Updates: Economic Inequality

This winter, the Tobin Project convened top scholars to explore a question on the cutting edge of public and academic debate: Did economic inequality in the United States contribute to the financial crisis?

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The Tobin Project is pleased to announce that the MacArthur Foundation has renewed its support for Tobin Project programs with a generous, multi-year grant.

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In 2007, the wealthiest 1% of families controlled more than 23% of income in the U.S. for the first time since 1928.

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Energized by the rich dialogue she witnessed at Tobin’s spring inequality conference, Congresswoman Louise Slaughter (D-NY) offered to co-host a roundtable discussion between policymakers and scholars in Washington, D.C. The meeting brought together key administration officials and Congressional leaders with Tobin-affiliated scholars to explore the potential consequences of dramatic economic inequality in the United States.

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Shortly after the September release of their acclaimed book, Winner-Take-All Politics, Jacob Hacker (Yale University, Political Science) and Paul Pierson (University of California-Berkeley, Political Science) headlined a panel discussion in Cambridge co-sponsored by the Tobin Project and the Harvard Kennedy School.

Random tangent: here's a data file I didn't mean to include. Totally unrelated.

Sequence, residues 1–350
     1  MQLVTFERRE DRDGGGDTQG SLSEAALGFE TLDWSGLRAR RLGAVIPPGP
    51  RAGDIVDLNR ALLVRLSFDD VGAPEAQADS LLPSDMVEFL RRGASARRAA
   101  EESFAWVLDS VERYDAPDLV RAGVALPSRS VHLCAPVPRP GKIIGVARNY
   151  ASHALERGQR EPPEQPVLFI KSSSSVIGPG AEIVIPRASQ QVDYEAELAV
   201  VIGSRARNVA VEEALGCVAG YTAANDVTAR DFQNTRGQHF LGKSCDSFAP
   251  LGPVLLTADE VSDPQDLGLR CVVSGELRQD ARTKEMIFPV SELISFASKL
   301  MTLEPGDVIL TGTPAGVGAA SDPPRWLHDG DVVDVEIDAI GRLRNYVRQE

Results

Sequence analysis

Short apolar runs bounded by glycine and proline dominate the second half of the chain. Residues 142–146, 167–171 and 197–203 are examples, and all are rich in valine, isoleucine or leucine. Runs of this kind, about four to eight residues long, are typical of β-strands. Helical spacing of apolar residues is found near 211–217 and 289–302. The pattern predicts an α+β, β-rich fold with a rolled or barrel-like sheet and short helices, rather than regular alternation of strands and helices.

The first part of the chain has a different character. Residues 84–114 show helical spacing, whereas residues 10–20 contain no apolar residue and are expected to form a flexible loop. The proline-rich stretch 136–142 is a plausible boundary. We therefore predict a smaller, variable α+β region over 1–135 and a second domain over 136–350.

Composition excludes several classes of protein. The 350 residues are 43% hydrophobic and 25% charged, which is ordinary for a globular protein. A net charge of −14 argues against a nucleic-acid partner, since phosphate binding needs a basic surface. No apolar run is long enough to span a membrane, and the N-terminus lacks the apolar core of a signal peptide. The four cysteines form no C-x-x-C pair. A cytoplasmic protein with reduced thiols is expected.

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In the spring of 2010, the Tobin Project issued a call for fellowship aplications from students doing work that addresses the intersection between democratic institutions and economic markets. Fellowships were awarded to fourteen students, whose projects ranged from "Policymaking at the U.S. Federal Reserve" to "Farming Families, Farm Policy, and the Business of Southern Agriculture, 1940-1980." Many of the felloship recipients came together in September for the first fall meeting of the Democracy & Markets forum.

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In August, a New York Times article highlighted the potential link between income inequality and financial crises, drawing on the work of David Moss (Harvard Business School), Margaret Blair (Vanderbilt University Law School), and Richard Freeman (Harvard University, Economics), whose research in this area was developed at Tobin's

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Over the past three decades, the United States has become richer, but significantly more unequal. In 2007, the most affluent 1% of American families received more than 23% of total income for the first time since 1928. While the causes of this dramatic rise in inequality are widely researched, far less is known about its potential effects on our economy, our democracy, and our society. 

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In an April issue of The Economist, an article examines the effects of rising inequality on the reality of the "American dream," and references research from the upcoming Tobin Project conference on the economic, political, and social consequences of rising inequality. 

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The Tobin Project held its second graduate student forum on November 20. The day-long discussion centered on innovative new directions in the study of political economy — in particular, working through the implications of the recent financial crisis.

These interdisciplinary graduate student forums have involved 24 students from the nation’s leading Ph.D. programs, providing unique opportunities to develop and share new research on topics that fall outside of the narrow parameters of current academic discourse.

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